Whereas a daughter and son-in-law can visit them every now and then, insecurities creep in, the moment their own son and daughter-in-law visit his in-laws and so a deadline is set-in, to return at the earliest. A daughter enjoy freedom and liberty at her parents place, but an Indian daughter-in-law’s legitimate concern for her parents, is seen as a sin.

The societal norms are such that when a man marries he gets the right over a girl, but the girl in turn gets the responsibilities of the whole family, at least she is expected to do so.

Do some mothers-in-law doubt their own upbringing and faith in their sons? Once their sons get married the mothers in turn become overly possessive about them, despite being well educated and living in a broad-minded society. Why are bahus always termed as family-breakers, monitored and supervised all the time?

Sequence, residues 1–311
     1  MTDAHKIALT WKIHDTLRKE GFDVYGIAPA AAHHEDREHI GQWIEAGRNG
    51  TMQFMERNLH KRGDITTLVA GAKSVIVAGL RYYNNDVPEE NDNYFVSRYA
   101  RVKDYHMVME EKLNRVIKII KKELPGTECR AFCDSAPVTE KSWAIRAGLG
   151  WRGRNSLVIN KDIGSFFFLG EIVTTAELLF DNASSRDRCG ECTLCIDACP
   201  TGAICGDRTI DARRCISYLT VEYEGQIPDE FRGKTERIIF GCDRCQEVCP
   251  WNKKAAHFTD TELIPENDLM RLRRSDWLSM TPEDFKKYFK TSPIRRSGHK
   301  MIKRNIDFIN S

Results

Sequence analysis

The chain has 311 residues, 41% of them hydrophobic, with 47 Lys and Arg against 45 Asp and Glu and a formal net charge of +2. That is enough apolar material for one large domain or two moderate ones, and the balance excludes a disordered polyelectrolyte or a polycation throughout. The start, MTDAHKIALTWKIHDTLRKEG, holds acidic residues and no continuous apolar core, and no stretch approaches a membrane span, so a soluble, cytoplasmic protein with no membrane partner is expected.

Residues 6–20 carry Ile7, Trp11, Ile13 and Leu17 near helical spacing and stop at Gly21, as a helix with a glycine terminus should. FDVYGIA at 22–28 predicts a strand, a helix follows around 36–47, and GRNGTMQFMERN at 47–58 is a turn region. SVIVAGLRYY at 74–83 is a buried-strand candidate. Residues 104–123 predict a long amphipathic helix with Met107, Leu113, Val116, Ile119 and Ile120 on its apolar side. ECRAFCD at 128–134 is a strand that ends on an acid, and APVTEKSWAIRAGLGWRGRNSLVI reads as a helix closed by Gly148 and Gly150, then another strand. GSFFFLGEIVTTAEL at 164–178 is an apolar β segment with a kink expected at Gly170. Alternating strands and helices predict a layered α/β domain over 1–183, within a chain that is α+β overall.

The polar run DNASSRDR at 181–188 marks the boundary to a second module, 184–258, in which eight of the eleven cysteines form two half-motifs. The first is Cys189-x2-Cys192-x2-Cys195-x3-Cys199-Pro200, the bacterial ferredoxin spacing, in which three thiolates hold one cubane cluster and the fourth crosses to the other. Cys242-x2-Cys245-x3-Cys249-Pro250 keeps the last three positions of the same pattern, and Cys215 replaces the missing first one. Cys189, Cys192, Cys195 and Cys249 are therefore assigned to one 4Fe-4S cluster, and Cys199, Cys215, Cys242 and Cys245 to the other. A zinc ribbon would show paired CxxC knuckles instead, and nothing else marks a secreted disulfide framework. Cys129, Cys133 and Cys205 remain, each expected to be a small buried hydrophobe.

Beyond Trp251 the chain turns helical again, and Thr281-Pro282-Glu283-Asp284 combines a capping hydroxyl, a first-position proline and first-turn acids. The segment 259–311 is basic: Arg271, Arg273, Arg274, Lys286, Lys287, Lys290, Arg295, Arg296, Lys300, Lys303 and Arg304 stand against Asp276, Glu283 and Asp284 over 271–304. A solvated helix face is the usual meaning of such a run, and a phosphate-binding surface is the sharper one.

Why does a person appearing to be well-educated and modern before  the wedding, acting as a second mother, change drastically into an authoritarian mother-in-law post-wedding?

Why has a mother-in-law and a daughter-in-law relationship become a butt of all jokes?

Why do we see our daughter-in-laws as mere commodities, who should only serve us.

Why do we see our daughter-in-laws as the vamps, who will dilute our sons’ love towards us?

Is she just brought in to satisfy the physical needs of your sons and produce progeny as a child producing machine?

Well the fact of the matter is that, the Indian daughter-in-law is not a robot but a human being made of flesh and blood with emotions, expectations and aspirations.

Treat them well and as equals, and nothing less.

Image source: youtube.


About the Author


A woman of today ,I love to travel and live life simple and happy. Writing for me is an outlet to my emotions, which I can visit again and again. And yes learnt the hard read more...